Overall, the U.S. saw an increase of more than 15% in severe winter weather events between 2018 and 2019, according to the weather service. That’s the largest single-season increase since records have been kept. In 2019 alone, there were more than 70 such events, the majority of which were linked to the Arctic blast.

Some examples of the extreme winter weather that the United States experienced in 2019 include:

  • 300-mile-per-hour wind gusts in Iowa that were caused by a rare polar vortex that descended on the U.S.
  • Record-breaking snowfall in Colorado that reached a maximum depth of 24 inches—more than twice the average yearly snowfall.
  • A tornado that touched down in Iowa and killed two people.
  • 100-mile-per-hour wind gusts in Arizona that were caused by a rare weather phenomenon called a “supercell thunderstorm.”
  • Record-breaking cold in the eastern U.S. that was caused by a polar vortex that blocked the escape of heat from the Arctic.
  • Tropical cyclone winds that reached 58 mph in Florida, which is the most ever recorded in the state.
  • Freezing rain, ice pellets, and snow that fell in Texas for an entire month.
  • Hundreds of thousands of car accidents that were caused by icy road conditions in the U.S.
  • More than 200 tornadoes that were spawned by the “polar vortex” in the southern U.S.
  • One of the most intense wildfires in California history that was caused by the El Niño climate phenomenon.

The “Polar Vortex” And The “Arctic Blast”

Although the odds of seeing widespread flooding this year in the Daytona region are low, it’s still something to monitor. That’s because the National Weather Service in Atlanta has upgraded its outlook for the area to include a small chance of seeing flooding. The reason behind the upgraded warning is the remnants of Hurricane Dorian, which is slowly making its way to the Northeast.

More than a week after Hurricane Dorian tore across the Bahamas and the eastern part of the U.S. coast, the weather service has begun to see some effects of the unprecedented storm. On Tuesday, forecasters at the National Weather Service in Atlanta noted that Hurricane Dorian had weakened somewhat as it neared the U.S. coast. As a result, the threat of life-threatening floods and mudslides is no longer present. However, the weather service still warned that scattered heavy rainfall and thunderstorms were likely for parts of the Southeast U.S.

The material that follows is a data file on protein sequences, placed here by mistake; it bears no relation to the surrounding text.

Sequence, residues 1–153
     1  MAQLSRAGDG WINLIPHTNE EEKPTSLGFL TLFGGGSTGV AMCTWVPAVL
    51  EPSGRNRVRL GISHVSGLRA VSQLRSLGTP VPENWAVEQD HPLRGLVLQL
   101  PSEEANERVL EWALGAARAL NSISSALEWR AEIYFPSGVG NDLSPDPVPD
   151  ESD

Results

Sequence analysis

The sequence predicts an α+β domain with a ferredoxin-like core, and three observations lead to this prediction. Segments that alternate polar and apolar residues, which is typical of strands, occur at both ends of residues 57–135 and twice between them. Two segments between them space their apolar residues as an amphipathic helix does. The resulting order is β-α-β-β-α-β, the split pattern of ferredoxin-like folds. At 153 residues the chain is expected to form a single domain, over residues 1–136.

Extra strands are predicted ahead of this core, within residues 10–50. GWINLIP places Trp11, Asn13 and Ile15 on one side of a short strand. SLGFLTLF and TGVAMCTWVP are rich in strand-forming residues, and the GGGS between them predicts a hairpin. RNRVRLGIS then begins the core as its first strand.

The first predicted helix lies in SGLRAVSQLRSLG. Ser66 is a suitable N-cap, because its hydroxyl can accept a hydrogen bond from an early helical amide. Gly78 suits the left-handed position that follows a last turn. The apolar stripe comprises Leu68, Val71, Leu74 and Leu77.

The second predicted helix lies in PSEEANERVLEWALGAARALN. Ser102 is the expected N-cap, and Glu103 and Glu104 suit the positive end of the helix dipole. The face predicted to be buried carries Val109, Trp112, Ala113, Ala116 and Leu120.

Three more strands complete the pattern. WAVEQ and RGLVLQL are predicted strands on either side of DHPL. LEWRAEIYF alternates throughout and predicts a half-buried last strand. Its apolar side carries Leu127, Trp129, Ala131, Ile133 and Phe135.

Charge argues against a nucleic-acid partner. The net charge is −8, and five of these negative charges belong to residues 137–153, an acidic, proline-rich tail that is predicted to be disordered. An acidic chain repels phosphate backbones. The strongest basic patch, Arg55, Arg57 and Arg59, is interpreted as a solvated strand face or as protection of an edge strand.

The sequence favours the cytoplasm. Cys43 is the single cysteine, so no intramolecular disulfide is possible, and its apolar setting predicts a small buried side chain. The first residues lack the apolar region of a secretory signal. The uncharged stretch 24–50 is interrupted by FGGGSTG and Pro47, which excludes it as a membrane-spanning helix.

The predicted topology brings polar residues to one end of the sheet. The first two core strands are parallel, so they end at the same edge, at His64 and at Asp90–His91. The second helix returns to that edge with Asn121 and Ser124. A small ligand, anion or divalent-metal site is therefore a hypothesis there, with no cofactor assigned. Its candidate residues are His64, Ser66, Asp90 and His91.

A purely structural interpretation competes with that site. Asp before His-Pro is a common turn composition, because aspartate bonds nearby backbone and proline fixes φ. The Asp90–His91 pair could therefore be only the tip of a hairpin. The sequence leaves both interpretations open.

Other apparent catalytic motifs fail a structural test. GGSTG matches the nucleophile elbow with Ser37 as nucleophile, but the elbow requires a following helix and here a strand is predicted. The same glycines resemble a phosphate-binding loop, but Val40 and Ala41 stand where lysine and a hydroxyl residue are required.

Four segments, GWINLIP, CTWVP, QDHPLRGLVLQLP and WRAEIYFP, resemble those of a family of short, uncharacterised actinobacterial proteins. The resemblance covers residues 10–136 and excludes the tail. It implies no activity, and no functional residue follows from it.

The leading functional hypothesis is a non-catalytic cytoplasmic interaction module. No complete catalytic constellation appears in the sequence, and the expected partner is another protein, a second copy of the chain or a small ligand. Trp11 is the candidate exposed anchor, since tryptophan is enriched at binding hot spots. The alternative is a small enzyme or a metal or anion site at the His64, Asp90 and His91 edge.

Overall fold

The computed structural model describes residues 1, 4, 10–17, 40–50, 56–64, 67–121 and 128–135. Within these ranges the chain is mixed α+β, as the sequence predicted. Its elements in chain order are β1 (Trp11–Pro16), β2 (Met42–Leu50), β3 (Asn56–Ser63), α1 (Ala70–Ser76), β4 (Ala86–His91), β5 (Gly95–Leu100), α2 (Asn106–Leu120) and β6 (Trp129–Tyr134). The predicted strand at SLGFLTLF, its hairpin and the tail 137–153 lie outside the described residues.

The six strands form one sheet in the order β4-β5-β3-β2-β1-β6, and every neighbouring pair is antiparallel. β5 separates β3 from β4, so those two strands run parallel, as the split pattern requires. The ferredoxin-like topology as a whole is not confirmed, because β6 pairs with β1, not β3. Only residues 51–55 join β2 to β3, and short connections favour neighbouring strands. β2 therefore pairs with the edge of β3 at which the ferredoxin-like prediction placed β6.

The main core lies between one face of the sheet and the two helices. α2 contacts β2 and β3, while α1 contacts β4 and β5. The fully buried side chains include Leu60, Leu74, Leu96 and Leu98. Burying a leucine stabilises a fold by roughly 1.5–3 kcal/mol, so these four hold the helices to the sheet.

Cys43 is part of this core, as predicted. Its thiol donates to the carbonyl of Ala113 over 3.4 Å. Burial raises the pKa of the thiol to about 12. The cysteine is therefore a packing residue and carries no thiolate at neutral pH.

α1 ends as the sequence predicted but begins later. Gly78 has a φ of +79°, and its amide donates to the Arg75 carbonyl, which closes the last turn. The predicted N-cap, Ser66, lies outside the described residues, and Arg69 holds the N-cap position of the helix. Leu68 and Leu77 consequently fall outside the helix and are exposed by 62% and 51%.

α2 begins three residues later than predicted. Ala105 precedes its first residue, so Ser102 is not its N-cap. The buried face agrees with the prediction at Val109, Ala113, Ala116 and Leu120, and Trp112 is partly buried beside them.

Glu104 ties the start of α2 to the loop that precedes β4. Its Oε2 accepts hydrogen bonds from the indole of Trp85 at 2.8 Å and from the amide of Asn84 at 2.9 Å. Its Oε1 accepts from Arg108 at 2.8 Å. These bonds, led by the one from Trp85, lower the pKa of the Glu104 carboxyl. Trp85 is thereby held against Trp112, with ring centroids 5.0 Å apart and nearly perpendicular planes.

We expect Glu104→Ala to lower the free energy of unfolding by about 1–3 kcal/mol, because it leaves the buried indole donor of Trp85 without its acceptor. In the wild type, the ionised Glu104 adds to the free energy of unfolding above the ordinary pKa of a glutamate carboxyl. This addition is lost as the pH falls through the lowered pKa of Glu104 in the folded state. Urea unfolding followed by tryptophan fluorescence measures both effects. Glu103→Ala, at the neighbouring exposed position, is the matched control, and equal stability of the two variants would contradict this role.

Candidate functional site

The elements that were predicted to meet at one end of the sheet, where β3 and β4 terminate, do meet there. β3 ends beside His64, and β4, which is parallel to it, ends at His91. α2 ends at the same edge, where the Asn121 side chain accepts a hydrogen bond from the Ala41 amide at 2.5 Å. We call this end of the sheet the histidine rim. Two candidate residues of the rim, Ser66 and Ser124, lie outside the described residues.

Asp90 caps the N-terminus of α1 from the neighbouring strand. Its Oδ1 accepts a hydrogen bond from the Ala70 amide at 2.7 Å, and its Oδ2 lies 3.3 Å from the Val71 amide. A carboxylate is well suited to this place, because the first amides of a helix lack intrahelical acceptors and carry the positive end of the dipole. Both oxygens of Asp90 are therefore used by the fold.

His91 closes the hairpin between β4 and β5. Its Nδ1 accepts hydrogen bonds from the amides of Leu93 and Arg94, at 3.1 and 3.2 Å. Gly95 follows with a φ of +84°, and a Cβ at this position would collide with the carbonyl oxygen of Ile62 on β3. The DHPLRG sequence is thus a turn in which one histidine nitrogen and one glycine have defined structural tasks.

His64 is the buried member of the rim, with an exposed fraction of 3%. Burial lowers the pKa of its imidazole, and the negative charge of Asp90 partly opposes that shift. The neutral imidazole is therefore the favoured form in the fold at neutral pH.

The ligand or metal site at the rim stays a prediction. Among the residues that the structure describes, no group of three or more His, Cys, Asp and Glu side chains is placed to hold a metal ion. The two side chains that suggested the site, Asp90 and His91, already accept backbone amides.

The “polar vortex” that descended on the country during the winter of 2019 was also a result of the melting ice cap in the north, which was caused by unusually warm temperatures.

Although the impact of the vortex and the arctic blast that ensued was undoubtedly severe, the U.S. weather service is already beginning to see the effects of the polar vortex in its records. According to the agency’s senior forecaster, Steve Johnson, the temperature in the region dropped as much as 14 degrees from the average winter temperature. That’s almost certainly the result of the unusually warm air that was pumped in from the north. The polar vortex not only brought with it unusual cold, but it also held back the sun, which normally makes its way down into the country.

While the direct effects of the polar vortex may have passed, the impact of the “Arctic blast” and the cold that it brought will likely be felt for years. That’s because the country is still recovering from the effects of the polar vortex.

The U.S. weather service has noted that parts of the South and Midwest experienced record-breaking cold temperatures in the early months of 2019. According to the agency, some cities saw their lowest temperatures in decades, with daily records falling to an extent that many residents likely won’t see again during the year. That kind of weather directly impacts the country’s already-frigid winters, which is bad news for people who live in the region. While the country’s climate is changing, it’s still highly unusual to see records broken on a daily basis in January in the southern part of the country. The impacts of the polar vortex were so great that experts at theweather service have warned that the country is at risk of record-breaking cold temperatures in the future.

Do NOT follow this link or you will be banned from the site!